The excellent Spencer Hall from the excellent EDSBS takes a look at offensive line coaches in college football. There's a great story about Vandy's Herb Hand, but the piece begins thus:
You should know this about offensive line coaches: they are large, demanding men with Falstaffian appetites, jutting jaws, and no governors on their speech engines. They eat titanic portions. They cram their lips full of dip in film study like they are loading a mortar. They drink bottled water like parched camels, and in their leisure time would consider a suitcase of beer to be a personal carry-on item for them, and them alone. They are terrifyingly disciplined in the moment, and nap like large breed dogs when allowed.
From Sporting News: "Vanderbilt forward Sheldon Jeter enrolls at Polk State College"
Sheldon Jeter is too good to play at Polk State College so why is he playing at Polk State College?
“Sheldon has indicated that he’d like to play closer to home, and we wish him the best,” Stallings said in the school’s release.
This week, Jeter enrolled at Polk State College. Polk is located in Winter Haven, Fla. So Jeter missed that whole "closer to home" goal by a bunch—468 miles, according to Mapquest. That was pretty much because Kevin Stallings said so, as well.
Stallings did not dictate the choice of Polk State, which competes in basketball with other primarily two-year schools in the Florida College System Activities Association. He did, however, deny Jeter the option to accept a basketball scholarship from the school closer to home where he wished to play: the University of Pittsburgh.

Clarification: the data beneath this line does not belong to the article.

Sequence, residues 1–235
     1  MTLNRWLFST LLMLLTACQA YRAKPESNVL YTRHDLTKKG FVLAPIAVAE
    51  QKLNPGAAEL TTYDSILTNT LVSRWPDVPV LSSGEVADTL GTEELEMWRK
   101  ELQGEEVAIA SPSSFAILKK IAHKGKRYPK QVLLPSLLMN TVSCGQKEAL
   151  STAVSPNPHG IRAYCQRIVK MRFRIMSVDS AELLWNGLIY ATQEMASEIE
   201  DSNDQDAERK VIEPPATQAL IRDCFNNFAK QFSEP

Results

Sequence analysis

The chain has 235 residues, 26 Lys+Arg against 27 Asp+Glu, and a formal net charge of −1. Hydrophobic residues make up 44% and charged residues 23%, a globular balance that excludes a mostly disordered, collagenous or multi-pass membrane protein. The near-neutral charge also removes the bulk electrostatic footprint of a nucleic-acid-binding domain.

When the SEC went to 12 teams in 1992 and assigned — at the time — two permanent cross-divisional rivalries, Vanderbilt drew Alabama and Ole Miss. The former, like lots of things in the SEC, can be traced to Bear Bryant, who allegedly convinced other SEC coaches to assign opening games using a system where the first team in the alphabet would play the last, the second the next to last and so on. It was just convenient, of course, that Alabama was alphabetically first and Vanderbilt — the historically woeful Vanderbilt — was last (this also explains why Auburn and Tennessee used to play so frequently in the early part of the season).
Now, that story may be apocrypha (convincing apocrypha, but apocrypha nonetheless) and when the SEC halved the permanent opponents, it didn't think anything of eliminating an annual Tide-Commodore game (after all, Alabama needed to play Tennessee on the Third (and Now Sometimes Fourth) Saturday In October).
So Ole Miss remained and remains Vandy's annual cross-over game.
The game actually has a lot of history behind it. The Rebels are Vandy's second-longest continuous rival. The schools are the SEC's smallest and, culturally, share a lot of similarities.
And, historically, the teams have matched up well. Ole Miss leads the all-time series 47-37-2 and have held the lead in the series since 1985, though Vandy's six wins in the last eight years have them clawing back to even. Perhaps most interestingly, over 86 years Ole Miss has outscored Vanderbilt by 156 points, a margin of victory of 1.8 points per game (Vandy's single-digit win in Oxford last year brought that average down minimally).
The closeness, though, is influenced by some truly bizarre scores from the early days of the game.
Vanderbilt won the first 18 games in the series — all played in Tennessee and all but two (which were played in Memphis) played in Nashville — and in 14 of those, Ole Miss failed to score at all. Vandy won by at least 60 points three times, including in 1915 — the "Point Per Minute" team — when Vandy won by the unfathomable score of 91-0.
Upon the reunion of that team in 1975, John Bibb of The Tennessean related this story, retold in Bill Traughber's Vanderbilt Football: